Hello, Better Hearing and Speech Month at Hearing Resources Audiology Center! I am passionate about educating on the importance of hearing health. One of the simple ways I can do this is by sharing who I am and the types of problems we help our patients solve! Do you know what an audiologist is?
What is an Audiologist?
Audiologists are health-care professionals who provide patient-centered care in evaluating, diagnosing, treating, and managing hearing, balance, and auditory disorders for people of all ages. From newborn hearing screenings, to fitting hearing aids, to testing balance, our services are needed across the lifespan.
Where Do Audiologists Work?
Audiologists work in a variety of settings. Depending on our clinical interest, you can find a lot of my colleagues in any of the places listed below:
- Private practices
- Ear, Nose, and Throat (ENT) clinics
- School settings: Educational audiology (K-12) & Universities
- Industrial hearing conservation programs
- Veterans’ Administration (VA) hospals
What Services Do Audiologists Provide?
I am trained and equipped to perform a wide variety of services. Listed below are some of the many services an audiologist can perform:
- Comprehensive hearing assessments**
- Wax removal**
- Evaluating and providing treatment options for tinnitus (noises in the ears)**
- Assessing and diagnosing auditory conditions such as: auditory processing disorder**, auditory neuropathy, hyperacusis** (sensitivity to sound), and misophonia (hatred of specific sounds)
- Evaluating vertigo, dizziness, and balance disorders
- Selection and fitting of hearing aids**
- Verification and validation of hearing aids**
- Candidacy assessment and fitting of implantable devices such as: cochlear implants, bone anchored hearing aids, and middle ear implants**
** These are the services that I provide at Hearing Resources Audiology Center.
What Training is Required to Be an Audiologist?
Recently I’ve noticed patients expressing curiosity in my job title, “Audiologist” aka “Au.D”. An audiologist requires a doctoral level degree. This degree is not equivalent to a medical doctor (MD), however an audiologist’s education requires four additional years of education after receiving a bachelors. That’s 8 years of school! There is a lot of territory I had to cover in the doctoral program:
- Clinical practicum
Audiologists truly never stop learning! As you can imagine, technology continues to evolve, which means audiology does too. Staying up to date on best practice includes being informed on the latest research, testing procedures, and advancements in hearing aid technology. In addition to graduating from an accredited doctoral program, my colleagues and I must pass a national exam and are required to hold state licensure.
Why See an Audiologist at Hearing Resources Audiology Center?
The comprehensive knowledge and training required to practice clinically speak volumes to the quality of care you will receive. With hundreds of hours in clinical rotations, audiologists are trained to help treat more than just hearing loss. For example, other conditions such as tinnitus are often co-existent with hearing loss. Audiologists are trained in managing this as well.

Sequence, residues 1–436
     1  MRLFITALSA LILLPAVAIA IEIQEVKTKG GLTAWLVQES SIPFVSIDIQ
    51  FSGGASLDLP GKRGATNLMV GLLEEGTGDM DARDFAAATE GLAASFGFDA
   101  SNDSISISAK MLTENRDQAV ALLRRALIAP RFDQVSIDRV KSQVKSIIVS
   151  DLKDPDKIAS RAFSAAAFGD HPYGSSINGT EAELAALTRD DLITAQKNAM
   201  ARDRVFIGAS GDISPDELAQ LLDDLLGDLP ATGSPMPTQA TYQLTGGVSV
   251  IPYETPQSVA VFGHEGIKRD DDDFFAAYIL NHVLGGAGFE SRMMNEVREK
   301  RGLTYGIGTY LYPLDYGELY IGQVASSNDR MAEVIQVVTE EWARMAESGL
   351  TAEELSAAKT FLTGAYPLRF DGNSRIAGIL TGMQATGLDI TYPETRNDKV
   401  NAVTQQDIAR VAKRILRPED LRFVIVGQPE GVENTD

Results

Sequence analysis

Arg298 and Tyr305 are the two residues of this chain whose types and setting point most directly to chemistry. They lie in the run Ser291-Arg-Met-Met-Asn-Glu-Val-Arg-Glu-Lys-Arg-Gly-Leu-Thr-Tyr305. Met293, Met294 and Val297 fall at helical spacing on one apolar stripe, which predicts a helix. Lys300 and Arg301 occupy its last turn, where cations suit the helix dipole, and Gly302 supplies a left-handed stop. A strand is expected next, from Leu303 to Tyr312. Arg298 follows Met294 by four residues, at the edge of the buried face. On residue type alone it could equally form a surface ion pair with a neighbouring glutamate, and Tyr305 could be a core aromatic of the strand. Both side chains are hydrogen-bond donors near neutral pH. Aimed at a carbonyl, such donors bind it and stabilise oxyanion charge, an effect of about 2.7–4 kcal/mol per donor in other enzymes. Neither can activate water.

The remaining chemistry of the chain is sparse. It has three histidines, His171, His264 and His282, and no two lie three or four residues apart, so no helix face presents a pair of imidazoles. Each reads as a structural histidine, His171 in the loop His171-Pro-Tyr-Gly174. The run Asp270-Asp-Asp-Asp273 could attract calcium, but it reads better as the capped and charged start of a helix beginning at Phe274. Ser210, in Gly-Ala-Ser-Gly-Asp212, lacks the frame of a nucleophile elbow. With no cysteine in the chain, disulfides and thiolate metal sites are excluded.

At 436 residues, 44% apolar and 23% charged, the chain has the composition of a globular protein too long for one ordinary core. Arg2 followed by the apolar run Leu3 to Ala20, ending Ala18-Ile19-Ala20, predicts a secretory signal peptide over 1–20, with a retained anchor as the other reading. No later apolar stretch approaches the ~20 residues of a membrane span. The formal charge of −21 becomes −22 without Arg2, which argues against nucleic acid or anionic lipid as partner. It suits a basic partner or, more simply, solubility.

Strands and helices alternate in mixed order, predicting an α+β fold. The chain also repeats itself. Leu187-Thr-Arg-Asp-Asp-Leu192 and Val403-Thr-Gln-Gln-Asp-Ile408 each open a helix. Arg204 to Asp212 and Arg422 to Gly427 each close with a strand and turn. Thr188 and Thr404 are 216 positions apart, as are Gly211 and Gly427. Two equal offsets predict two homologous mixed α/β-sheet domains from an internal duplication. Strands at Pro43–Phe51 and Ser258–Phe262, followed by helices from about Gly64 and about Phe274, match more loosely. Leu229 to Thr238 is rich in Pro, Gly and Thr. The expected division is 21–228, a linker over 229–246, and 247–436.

In addition, the goal at Hearing Resources Audiology Center is always to provide patient centered care that is backed by evidence based practice. The objective is not to sell, but rather to improve an individual’s quality of life. There is a SCIENCE and SKILL that goes into picking the right technology for you or a loved one. When selecting hearing aids, there are many factors to consider. For example:
- What is your lifestyle?
- What areas are you hoping to see the most improvement?
- Should you get one or two?
- Do you have trouble hearing in background noise?
- Do you have tinnitus?
- Do you have a history of ear surgeries?
- Have you had success or trouble with a different device before?
- Do you have vision or dexterity issues?
- Do you have a support system at home?
The list goes on…but the goal is always to help find technology that will help you thrive in your everyday life! For most, hearing is the gateway to communication, social interaction, and living your fullest life.
The latest MarkeTrak survey found that hearing aid owners almost unanimously agree that the hearing care professional they worked with played a critical role in their satisfaction with hearing aids. Hearing aid users reported satisfaction rates of 94% when working with an audiologist (Marketrak 10 results). They also found that patients strongly valued the quality of service during the fitting, professionalism of the audiologist, and the quality of service after the fitting. Additionally, patients reported that receiving realistic expectations and focusing on their individual needs was equally important in their success with hearing aids!
Celebrate Better Hearing and Speech Month: Get Your Hearing Checked!
Our primary goal at Hearing Resources Audiology Center is to get you as close to 100% satisfaction as possible. We value creating a relationship with our patients and walking through your journey to hearing better with you. In light of Better Hearing and Speech Month, reach out to us if you would like to know more about how to hear your best. Our goal is to continue educating and empowering all of our patients, so contact us today for better hearing tomorrow!
Carr, K. (2020). 20Q: Consumer insights on hearing aids, PSAPs, OTC devices, and more from MarkeTrak 10. AudiologyOnline, Article 26648. Retrieved from www.audiologyonline.com